Packing Light for a Family of Five
If you like to travel to multiple locations during vacations, like we do then it is important to pack as light as possible. This can pose many challenges with a family of five. Especially if your trip is more than 7 days. However, it is important to pack light because if you are anything like me, you like to unpack and organize when you get to the hotel.
Trying to have your kids live out of a suitcase, can be a recipe for disaster and add to unwanted stress. Staying organized helps to lessen the added chaos and stress and brings more peace to your time away.
Suggestions for packing light:
- Bring small packets of detergent. You can always wash clothing in the sink or tub.
- Versatile shoes. Two at most. Chances are with kids in tow you are not going out fancy so that one pair of sandals will have to do.
- One black dress for dinners out. Toss a scarf on one night and earrings and a necklace the next. Two totally different looks. Most likely you are not going to the same restaurant two nights in a row so no one will know that you wore that dress the night before except your family. Kids won't notice or care.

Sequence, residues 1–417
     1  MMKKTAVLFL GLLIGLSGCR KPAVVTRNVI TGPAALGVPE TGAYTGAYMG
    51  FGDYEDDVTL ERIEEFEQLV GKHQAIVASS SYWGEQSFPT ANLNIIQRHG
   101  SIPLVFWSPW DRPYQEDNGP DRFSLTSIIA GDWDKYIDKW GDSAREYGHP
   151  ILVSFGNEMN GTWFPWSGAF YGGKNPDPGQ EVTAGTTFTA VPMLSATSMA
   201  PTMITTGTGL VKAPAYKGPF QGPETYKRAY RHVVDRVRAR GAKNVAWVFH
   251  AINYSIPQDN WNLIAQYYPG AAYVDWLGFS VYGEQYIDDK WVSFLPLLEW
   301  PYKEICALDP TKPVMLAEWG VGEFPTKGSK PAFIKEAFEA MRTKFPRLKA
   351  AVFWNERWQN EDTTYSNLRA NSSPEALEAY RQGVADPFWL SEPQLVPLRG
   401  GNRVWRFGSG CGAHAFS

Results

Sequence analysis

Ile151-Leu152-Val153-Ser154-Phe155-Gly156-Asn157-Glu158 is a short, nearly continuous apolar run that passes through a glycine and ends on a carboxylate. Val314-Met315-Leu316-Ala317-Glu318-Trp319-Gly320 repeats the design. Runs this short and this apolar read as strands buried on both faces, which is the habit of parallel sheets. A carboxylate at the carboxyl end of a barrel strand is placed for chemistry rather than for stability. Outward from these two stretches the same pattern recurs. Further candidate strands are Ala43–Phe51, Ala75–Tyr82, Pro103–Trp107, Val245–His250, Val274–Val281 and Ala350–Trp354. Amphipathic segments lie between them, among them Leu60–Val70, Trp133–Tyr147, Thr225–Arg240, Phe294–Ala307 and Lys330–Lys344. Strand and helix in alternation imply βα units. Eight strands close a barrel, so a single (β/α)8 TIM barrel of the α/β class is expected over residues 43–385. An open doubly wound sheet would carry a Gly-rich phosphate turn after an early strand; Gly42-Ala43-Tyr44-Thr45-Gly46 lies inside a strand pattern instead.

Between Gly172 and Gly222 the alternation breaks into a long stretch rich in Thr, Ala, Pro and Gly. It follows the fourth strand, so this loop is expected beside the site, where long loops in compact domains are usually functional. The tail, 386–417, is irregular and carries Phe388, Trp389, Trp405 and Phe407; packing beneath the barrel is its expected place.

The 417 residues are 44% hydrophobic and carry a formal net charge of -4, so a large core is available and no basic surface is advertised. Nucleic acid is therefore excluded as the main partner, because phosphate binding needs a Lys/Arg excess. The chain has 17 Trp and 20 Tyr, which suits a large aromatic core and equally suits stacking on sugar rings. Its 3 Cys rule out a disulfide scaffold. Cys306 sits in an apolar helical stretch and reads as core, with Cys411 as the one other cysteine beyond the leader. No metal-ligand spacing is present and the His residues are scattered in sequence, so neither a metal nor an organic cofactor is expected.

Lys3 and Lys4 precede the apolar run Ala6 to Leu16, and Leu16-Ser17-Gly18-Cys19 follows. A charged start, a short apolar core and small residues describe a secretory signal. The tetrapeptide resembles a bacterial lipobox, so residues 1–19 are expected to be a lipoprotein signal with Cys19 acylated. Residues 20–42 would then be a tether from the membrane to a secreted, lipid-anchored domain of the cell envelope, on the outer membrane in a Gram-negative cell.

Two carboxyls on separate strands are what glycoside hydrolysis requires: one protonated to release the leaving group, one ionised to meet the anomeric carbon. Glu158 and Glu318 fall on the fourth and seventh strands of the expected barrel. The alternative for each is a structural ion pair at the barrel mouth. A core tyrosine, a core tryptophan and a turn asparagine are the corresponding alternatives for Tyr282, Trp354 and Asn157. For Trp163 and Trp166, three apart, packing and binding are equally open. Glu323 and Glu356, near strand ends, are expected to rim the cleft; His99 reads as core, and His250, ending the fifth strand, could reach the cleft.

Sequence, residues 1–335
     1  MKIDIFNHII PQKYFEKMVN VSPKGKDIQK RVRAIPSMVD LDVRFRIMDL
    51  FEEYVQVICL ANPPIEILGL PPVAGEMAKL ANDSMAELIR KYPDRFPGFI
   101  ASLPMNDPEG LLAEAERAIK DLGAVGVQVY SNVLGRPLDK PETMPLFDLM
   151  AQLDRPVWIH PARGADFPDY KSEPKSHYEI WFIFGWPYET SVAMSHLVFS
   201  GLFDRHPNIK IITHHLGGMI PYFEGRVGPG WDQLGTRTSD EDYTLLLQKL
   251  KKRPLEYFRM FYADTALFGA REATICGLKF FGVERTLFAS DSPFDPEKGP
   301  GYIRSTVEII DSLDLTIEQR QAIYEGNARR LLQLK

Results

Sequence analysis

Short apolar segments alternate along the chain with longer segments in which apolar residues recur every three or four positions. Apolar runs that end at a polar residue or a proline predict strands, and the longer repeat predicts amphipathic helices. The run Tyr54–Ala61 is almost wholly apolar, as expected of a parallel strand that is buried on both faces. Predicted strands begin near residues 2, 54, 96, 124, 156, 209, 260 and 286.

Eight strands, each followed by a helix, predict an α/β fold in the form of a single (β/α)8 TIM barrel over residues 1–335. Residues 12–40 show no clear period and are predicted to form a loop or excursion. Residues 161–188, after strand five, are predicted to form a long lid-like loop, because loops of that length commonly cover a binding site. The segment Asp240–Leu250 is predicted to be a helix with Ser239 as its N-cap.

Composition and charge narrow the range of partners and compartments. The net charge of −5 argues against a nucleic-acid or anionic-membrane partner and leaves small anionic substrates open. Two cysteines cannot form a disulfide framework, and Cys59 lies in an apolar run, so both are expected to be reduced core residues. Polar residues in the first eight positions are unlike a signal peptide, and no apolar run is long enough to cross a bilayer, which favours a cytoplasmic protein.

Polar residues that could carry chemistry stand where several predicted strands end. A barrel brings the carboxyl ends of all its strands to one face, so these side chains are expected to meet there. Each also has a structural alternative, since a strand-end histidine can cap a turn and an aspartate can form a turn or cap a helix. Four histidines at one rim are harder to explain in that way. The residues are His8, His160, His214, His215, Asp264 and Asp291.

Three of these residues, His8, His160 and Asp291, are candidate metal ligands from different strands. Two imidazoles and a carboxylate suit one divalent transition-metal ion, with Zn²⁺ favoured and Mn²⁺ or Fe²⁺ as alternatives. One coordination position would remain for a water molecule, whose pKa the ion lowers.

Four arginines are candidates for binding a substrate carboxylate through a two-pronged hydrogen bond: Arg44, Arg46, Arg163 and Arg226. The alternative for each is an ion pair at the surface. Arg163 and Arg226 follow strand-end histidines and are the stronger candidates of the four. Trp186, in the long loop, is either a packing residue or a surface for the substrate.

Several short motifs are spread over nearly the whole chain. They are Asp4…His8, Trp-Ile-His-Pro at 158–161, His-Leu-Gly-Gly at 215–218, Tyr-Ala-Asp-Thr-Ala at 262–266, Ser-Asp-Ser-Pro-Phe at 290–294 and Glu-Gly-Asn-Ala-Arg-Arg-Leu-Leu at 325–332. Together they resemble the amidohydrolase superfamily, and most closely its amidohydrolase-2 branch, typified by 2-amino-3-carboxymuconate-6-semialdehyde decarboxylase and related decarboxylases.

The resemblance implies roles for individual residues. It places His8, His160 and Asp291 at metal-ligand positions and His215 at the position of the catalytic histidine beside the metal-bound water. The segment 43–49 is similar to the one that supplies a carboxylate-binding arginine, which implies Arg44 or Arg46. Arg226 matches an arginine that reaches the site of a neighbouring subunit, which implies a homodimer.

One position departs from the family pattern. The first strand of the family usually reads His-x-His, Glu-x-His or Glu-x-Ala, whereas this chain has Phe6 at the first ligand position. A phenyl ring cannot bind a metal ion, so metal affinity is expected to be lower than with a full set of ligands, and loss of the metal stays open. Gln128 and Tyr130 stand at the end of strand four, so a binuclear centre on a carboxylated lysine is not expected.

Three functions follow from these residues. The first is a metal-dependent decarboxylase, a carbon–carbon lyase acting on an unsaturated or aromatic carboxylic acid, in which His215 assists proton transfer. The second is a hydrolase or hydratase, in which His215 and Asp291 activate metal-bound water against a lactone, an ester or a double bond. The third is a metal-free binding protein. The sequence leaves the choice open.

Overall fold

- Try to pack three or four days worth of clothes for the kids. Perhaps kid two tends to wear lunch everyday, then pack kid 2 an additional shirt. You have detergent.
- One sweatshirt/sweater will be fine. A three year old doesn't care or notice that they only have one sweatshirt. A teenager doesn't either.
- If you are staying at a hotel then use their shampoo. Airbnb, buy it once you get there.
- One of my favorite links https://www.rei.com/learn/expert-advice/travel-clothing.html
- Having the synthetic nylon and polyester dry quickly which is nice when hand washing and hanging to dry
- Prana one of my favorites and they have awesome sales.
- Try to pack as many kid synthetic clothing. REI has great options, but many of the major sports brands do as well.
August 12, 2015 Toledo for the DayWe woke up ate a quick breakfast and grabbed two taxis (they wouldn't squeeze 5 of us in one taxi) to the Atocha Train Station. It was not the Atocha station I remember from the 90's. This Atocha had greenery, was clean and beautiful. We had time so we walked around and came across a pond with turtles on the bottom level. Kids of course obsessed and were desperate to feed them. It wasted time before our train, they fed the turtles.